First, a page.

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UAC aims to begin exporting MiG-35 fighters by 2020
September 21, 2017
MiG-35. Photo credit: United Aircraft Corporation

UAC aims to begin exporting MiG-35 fighters by 2020

United Aircraft Corporation (UAC) is aiming to produce MiG-35 Fulcrum-F multi-role fighters for export by 2020.

Speaking to media (via Russian News Agency TASS) at the 2017 Paris Air Show, which concluded on Sunday June 25, Rosoboronexport CEO Alexander Mikheyev said that he expects UAC to complete the MiG-35’s qualification tests in 2018 or 2019, from which it will be “accepted as a product for exports.”

As per TASS, the Russian Air Force (VKS) will procure an initial batch of 30 MiG-35. The VKS aims to have the Fulcrum-F gradually replace its existing MiG-29 fleet.

MiG Aircraft Company’s Deputy CEO, Viktor Chernov, was confident of the MiG-35’s export potential, citing “South and Southeast Asia, Latin America and African countries” as prospective markets.

The MiG-35 is the latest variant of the venerable MiG-29 Fulcrum platform, which is both the mainstay of the VKS as well as a popular Russian export since the 1980s, especially in the developing world.

Besides incorporating key improvements in electronics, most notably the inclusion of the Zhuk-AE active electronically-scanned array (AESA) radar, the Fulcrum-F also benefits from greater composite usage. This provides the MiG-35 with a substantially lighter empty weight than the legacy Fulcrum, resulting a longer operational radius (50% as per TASS) and payload (6,000 kg as per IHS Jane’s).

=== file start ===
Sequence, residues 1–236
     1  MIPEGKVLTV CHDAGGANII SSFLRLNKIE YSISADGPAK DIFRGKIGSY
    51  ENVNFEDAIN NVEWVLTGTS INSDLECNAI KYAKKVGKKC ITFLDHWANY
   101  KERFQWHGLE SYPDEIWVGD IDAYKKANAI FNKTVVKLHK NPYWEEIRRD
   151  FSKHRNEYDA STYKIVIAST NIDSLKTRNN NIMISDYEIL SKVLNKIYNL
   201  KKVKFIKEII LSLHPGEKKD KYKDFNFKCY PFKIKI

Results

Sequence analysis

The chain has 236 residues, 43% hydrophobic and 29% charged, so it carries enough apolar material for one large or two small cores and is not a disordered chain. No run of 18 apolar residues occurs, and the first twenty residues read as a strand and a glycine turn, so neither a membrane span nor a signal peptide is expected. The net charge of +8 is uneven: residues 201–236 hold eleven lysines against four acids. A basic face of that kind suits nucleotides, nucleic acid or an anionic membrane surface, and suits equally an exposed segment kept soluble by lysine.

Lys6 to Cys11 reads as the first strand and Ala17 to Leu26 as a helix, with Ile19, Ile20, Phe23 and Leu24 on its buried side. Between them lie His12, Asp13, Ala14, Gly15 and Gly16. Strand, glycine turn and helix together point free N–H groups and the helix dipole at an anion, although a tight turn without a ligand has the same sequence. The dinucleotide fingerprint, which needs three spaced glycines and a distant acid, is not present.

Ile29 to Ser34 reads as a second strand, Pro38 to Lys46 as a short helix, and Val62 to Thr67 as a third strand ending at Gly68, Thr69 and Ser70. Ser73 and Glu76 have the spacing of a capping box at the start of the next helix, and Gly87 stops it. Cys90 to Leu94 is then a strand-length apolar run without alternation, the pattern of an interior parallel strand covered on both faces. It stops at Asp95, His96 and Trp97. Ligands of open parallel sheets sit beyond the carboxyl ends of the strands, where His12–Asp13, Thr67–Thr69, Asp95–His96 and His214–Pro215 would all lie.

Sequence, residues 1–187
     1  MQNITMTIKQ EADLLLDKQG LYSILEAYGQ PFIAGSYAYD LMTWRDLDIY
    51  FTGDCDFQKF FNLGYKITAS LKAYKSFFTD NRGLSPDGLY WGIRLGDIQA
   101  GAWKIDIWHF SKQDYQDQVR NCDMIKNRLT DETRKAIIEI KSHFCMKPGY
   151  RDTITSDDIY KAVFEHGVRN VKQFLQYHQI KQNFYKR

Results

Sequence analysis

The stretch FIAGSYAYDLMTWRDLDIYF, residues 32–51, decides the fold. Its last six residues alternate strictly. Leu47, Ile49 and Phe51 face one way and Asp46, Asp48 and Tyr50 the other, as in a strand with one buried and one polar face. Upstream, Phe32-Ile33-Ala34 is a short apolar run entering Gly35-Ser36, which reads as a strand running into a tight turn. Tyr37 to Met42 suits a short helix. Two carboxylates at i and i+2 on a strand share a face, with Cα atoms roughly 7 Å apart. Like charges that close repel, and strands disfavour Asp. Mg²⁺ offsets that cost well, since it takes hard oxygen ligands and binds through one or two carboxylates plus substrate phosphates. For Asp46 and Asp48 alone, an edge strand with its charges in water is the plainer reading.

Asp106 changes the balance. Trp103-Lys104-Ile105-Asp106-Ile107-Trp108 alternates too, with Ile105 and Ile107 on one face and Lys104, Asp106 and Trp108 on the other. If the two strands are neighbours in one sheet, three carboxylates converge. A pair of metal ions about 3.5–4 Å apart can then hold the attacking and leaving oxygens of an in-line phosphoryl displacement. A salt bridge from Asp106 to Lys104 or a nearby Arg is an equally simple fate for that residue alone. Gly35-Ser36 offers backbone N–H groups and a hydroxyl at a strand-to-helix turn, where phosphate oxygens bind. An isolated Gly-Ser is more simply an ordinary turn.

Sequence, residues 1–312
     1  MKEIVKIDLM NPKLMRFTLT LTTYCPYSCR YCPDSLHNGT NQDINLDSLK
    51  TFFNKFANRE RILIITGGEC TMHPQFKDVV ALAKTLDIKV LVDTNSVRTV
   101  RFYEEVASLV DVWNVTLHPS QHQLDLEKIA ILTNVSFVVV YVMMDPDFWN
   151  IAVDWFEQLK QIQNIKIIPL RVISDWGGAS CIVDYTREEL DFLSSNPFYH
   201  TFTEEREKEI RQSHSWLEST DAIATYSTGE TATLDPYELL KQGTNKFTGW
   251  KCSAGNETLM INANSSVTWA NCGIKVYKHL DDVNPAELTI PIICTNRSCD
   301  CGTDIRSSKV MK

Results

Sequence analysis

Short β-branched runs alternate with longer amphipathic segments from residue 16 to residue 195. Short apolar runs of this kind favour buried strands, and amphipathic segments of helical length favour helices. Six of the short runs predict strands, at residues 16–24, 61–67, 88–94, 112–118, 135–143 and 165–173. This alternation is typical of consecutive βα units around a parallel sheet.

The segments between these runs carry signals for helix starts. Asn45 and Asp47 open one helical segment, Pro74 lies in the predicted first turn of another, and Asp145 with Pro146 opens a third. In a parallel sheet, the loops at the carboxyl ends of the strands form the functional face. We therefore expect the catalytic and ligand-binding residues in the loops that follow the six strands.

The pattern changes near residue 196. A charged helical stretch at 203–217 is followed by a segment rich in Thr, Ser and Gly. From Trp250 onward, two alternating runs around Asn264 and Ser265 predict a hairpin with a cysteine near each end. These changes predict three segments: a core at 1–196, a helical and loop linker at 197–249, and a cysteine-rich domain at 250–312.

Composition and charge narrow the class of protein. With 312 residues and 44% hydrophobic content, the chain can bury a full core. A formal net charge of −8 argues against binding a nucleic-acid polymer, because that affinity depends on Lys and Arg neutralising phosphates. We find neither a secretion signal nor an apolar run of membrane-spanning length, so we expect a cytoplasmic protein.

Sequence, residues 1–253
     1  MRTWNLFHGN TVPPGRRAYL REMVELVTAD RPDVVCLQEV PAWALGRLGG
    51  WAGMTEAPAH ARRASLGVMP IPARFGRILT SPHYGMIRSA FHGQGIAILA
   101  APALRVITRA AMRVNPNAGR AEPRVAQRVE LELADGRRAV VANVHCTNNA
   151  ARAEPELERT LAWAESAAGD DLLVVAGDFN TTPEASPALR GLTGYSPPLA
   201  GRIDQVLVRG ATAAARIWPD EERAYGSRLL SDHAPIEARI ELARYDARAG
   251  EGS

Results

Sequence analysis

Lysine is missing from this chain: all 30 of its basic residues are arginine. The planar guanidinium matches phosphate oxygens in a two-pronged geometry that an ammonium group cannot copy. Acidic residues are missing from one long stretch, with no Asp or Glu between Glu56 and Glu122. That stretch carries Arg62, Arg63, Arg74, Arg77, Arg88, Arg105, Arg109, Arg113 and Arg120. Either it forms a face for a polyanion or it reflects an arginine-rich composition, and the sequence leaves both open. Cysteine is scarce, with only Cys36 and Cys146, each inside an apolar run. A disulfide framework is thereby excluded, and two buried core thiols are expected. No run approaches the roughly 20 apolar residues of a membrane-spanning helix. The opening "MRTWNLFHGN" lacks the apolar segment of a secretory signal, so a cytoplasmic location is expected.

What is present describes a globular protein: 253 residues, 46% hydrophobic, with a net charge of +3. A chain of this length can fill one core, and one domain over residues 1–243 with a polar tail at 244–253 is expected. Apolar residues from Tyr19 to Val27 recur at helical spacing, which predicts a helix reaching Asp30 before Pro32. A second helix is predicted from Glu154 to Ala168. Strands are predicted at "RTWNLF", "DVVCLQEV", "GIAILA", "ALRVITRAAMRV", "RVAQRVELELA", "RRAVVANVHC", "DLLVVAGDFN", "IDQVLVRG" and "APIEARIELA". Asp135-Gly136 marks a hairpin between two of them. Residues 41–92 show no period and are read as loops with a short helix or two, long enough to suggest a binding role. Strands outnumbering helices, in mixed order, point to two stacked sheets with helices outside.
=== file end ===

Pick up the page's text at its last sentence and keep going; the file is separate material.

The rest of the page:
Notes & Comments:

UAC has angled its MiG-35 pitch for the developing world market, which is flush with both legacy MiG-29s as well as even older fighter models from Russia, China, Europe and the U.S.

When it formally launched the MiG-35, the MiG Aircraft Company’s Director General, Ilya Tarasenko, touted the MiG-35’s lower life-cycle (30-40%) and acquisition (20%) costs over its competition as key draws for the fighter, positioning it for traction in the market.

The MiG-35’s principal advantages will rest in competitive cost and flexibility in terms of subsystem and weapons integration options. The VKS fulfilling its commitment to supplant its legacy MiG-29s with the Fulcrum-F will be critical in that it would generate outside confidence in the platform and greatly help scale the MiG-35’s development overhead.

Currently, UAC is fulfilling a 50 MiG-29M/M2 order for Egypt, which ordered the fighters in a reported $2 billion agreement in 2016. The first Egyptian Air Force fighter was spotted flying in April 2017.

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